This being the Age of Obama, however, establishment Democrats are scurrying on to the me-too bandwagon.  Amid GOP concerns that illegal immigrants might be able to get health care without overloading hospital emergency rooms, House Minority Leader Nancy Pelosi- a "San Francisco Democrat," no less- last month adamantly declared "We have said since Day One . . . that undocumented people will not have access to subsidies in the Affordable Care Act. Any thought that we want to do something different than that is simply not true. It is a bottom line. No need to even discuss it.”

Besides encouraging employers to hire immigrants at low wages and without benefits, the Bloomberg View people note

excluding immigrants will weaken the new health-care system, which is predicated on bringing healthy young people into the insurance market, both to balance the risk pool and to reduce expensive (and publicly funded) emergency care. If that economic logic holds for citizens and legal residents, it should also apply to undocumented immigrants. (Actuarial tables don’t care about your immigration status.)

To Republicans, having voted in the House of Representatives 737 (minus 700) times to repeal Obamacare, undermining the Affordable Care Act in a comprehensive immigration bill would reap serious benefits.  Though to Barack Obama (and some congressional Democrats), it probably would not be mush of a positive, neither would it be a negative.President Obama can lay claim- as his acolytes remind us- to having been the first Democrat to pass ("achieve" may prove a stretch) health care reform.   Now, his legacy may be enhanced by having enacted immigration reform, whatever its impact on the American labor market or on the ostensible goals of the health care reform his supporters cite as a component of that wondrous legacy.  

The Post reporters write "Republicans are now attempting to use President Obama’s landmark health-care law to derail his top second-term initiative — a sweeping overhaul of the nation’s immigration system."   If the Republicans prove able to put a dent in the Affordable Care Act, flood the labor market with additional entrants, and give their nod to something called "immigration reform," Obama would benefit with a legacy featuring an undermined "landmark health-care" law and "a sweeping overhaul of the nation's immigration system" pleasing to the corporate class.  Champagne all around.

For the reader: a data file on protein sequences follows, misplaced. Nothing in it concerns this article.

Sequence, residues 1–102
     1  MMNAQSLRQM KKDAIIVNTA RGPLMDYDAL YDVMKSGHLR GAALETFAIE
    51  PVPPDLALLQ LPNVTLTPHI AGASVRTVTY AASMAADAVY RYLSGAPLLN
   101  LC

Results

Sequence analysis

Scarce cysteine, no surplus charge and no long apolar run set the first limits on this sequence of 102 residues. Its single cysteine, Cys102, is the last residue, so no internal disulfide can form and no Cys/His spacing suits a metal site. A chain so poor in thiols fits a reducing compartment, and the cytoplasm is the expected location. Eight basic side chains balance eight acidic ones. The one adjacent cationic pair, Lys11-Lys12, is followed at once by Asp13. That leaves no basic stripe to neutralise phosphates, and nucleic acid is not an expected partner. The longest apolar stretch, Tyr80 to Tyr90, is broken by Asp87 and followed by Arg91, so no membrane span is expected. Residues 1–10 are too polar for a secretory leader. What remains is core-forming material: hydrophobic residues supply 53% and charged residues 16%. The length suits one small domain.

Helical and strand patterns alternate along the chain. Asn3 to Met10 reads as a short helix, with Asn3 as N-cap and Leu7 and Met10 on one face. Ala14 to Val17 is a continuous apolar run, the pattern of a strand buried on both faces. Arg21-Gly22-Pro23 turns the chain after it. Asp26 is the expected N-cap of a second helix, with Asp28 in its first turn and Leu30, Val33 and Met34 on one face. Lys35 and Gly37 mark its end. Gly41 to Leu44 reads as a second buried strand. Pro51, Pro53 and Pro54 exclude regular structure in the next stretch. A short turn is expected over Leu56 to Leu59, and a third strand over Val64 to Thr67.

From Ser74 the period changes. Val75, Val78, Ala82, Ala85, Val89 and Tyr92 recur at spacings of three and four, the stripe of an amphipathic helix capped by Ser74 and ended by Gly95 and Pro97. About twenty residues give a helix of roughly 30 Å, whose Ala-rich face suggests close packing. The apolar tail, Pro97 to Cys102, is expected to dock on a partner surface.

Priscilla Huang, policy director for the nonpartisan Asian and Pacific Islander American Health Forum, says “If we want them to become citizens and fully integrated into their communities and our country, we should really treat them as such."   But even under terms of the bill passed by the Senate Judiciary Committee, forged by the Gang of Eight, overwhelmingly supported by Democrats and on alternate days by Marco Rubio, immigrants must wait 13 years to become citizens, during which period a GOP Congress and/or President could enact legislation invalidating the citizenship provision.

What a novel, quaint idea- having immigrants expeditiously become fully integrated into their communities and our country!  It is, though, one which evidently has escaped the interest of congressional Republicans, Speaker Pelosi, or President Obamination.